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We need to rethink healthcare to move from cure to prevention

Technology means quality healthcare is accessible for all, and coronavirus shows us the time to act is now

While Clap for Carers has stopped, the whole country still applauds the dedication and bravery of our NHS staff battling on the frontline. Unfortunately, just applauding at the time of crisis is not enough. What the pandemic has shown is that we need a fundamental rethink of our health systems.

To give a practical example of a rethink, I still remember a time when cars only went to the garage if they broke down. But now we have early-warning sensors in our cars and service them every year, to catch problems. Changing the oil or replacing a bolt may cost a few pounds, but let the problems mount and suddenly it’s thousands of pounds for a complete overhaul.

It seems obvious to take simple, preventive action to maintain our machines. Yet for some reason, we don’t do the same with the most valuable assets we have, our lives.

Healthcare doesn’t do monitoring, continuous data analysis, servicing – it’s set up to fix people when things have already gone wrong.

And it’s not working.

Around the world, doctors are in short supply, costs are spiralling and access to high-quality care is declining. Meanwhile, demand continues to rise.

We need a system built around wellness and not sickness. The Covid pandemic showed us that we cannot rely on waiting for people to get sick and then deal with their emergencies.

Instead, we need to spend our efforts on preventing those crises and emergencies from happening. We learnt to put emphasis on what mattered most and combined human expertise with the accessibility of everyday technologies and data to help people proactively manage their health and prevent the crisis.

It sounds grand, and maybe even far-fetched, but this pandemic has shown us what we can do.

Our NHS partners needed to ensure their time-pressed staff were looking after the most needy patients.

So we built a Covid-19 Care Assistant that can give information and reassurance to the large number of patients who need it, and find the much smaller group of patients who need to speak to a doctor 24/7, have their recovery monitored, and be provided with a care plan.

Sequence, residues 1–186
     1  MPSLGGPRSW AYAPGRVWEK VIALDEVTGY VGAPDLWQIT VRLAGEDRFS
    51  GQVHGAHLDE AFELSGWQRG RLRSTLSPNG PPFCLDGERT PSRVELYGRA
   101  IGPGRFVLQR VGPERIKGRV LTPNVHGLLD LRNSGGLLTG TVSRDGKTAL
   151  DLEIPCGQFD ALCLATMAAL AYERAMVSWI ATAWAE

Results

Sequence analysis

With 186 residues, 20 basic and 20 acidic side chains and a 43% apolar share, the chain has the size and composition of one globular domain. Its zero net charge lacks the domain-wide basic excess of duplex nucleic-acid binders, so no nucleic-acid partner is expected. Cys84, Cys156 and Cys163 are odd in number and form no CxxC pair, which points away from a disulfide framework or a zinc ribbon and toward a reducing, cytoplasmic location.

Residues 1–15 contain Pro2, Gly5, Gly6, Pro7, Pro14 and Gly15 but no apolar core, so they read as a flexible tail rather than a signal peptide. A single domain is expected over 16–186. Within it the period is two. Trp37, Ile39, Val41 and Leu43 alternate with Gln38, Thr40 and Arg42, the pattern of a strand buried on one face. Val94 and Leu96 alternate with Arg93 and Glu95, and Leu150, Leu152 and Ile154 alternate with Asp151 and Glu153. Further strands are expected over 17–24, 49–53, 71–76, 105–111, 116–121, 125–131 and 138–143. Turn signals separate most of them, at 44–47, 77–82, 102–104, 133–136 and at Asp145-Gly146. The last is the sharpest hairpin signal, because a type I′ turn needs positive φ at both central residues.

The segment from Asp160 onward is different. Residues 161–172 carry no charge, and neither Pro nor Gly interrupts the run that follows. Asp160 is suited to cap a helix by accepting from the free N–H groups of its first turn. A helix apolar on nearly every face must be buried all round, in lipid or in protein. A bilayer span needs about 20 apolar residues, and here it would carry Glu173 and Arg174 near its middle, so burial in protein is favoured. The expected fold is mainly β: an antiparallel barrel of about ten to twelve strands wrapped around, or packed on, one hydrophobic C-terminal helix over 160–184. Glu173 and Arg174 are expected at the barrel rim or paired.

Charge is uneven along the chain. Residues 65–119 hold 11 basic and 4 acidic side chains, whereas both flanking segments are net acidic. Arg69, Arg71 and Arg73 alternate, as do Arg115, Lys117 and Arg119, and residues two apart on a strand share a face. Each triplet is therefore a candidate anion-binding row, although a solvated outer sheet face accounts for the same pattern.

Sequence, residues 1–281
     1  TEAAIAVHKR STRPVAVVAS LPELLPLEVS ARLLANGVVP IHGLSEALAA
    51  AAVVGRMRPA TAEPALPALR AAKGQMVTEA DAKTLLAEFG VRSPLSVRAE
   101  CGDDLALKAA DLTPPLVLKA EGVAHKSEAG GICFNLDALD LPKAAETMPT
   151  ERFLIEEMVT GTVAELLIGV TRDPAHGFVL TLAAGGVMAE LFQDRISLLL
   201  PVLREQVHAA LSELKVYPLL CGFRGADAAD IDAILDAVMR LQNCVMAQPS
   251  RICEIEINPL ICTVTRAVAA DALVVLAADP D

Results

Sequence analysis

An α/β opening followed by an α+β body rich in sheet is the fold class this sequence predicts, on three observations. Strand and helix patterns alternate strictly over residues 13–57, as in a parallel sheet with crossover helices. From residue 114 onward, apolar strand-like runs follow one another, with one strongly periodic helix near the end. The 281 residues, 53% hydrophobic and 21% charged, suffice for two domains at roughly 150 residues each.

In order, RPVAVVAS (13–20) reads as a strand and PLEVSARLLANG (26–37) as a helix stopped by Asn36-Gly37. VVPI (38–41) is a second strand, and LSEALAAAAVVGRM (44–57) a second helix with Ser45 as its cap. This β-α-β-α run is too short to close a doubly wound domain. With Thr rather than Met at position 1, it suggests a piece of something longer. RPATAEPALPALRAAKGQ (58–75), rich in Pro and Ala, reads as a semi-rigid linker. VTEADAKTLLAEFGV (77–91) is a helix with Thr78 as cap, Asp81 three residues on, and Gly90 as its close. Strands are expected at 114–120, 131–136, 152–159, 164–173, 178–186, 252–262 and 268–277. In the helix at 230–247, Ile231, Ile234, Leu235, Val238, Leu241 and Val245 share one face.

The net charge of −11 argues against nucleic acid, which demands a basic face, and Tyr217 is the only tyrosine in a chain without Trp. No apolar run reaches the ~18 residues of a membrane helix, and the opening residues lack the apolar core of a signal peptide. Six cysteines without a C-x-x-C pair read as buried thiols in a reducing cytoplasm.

It can help with huge groups of people and, most importantly, allows the same number of frontline staff to help a much greater number of people, all whilst making sure that people get the care they need.

We’re already seeing that around 80pc of people who use the Covid-19 Care Assistant don’t actually need to speak to a clinician – that’s a huge release valve for any clinical resource. This service now covers 8pc of England’s population and is launched to millions of members in Canada, the US and beyond.

This shows what we can do for other health “crises” that we have learned to ignore. Mental health is fast becoming our silent killer pandemic. Around 6,000 people died from suicide in the UK last year, around 800,000 worldwide.

Just think how many of those could have been prevented by giving people the support they needed earlier on. Or consider chronic diseases such as asthma or diabetes, which affects 10pc of people aged over 40 in the UK.

For most of these challenges, the common response is to wait for the patient to hit an emergency and then “cure” them.

Instead, we should focus on proactive testing, care planning, monitoring and, when necessary, early intensive intervention. All whilst helping everyone else to stay healthy.

A change of thinking like this could have a profound impact. The benefits are two-fold: for society, better health equals better quality of life.

For healthcare providers, a healthier society reduces demand - a huge issue here in the UK. Less demand means better care for those that really need it.

It could make healthcare more affordable and accessible to people everywhere, including the billions who were previously being left behind.

But this is only a hint of how things could change and how we really could move to prevention rather than cure.

A perfect storm is brewing that will merge the new discoveries in quantum computing, AI, mixed reality, robotics, organ reconstruction, genetic engineering and synthetic biology, to help us shape new possibilities hitherto unimaginable.

For the first time, it is possible to dream of making quality healthcare accessible and affordable for every person on Earth.

But science and technology by itself won’t transform healthcare.

What is required is a systemic change in priorities. Now that we have seen what can be done in meeting one crisis, there is no excuse to ignore the chronic crisis that we have been struggling with before this one.

Covid-19 will pass but the lesson of it is that the healthcare services of the world need to evolve. We have done it with our cars. We can do it with our lives.

 

Ali Parsa is founder of Babylon Health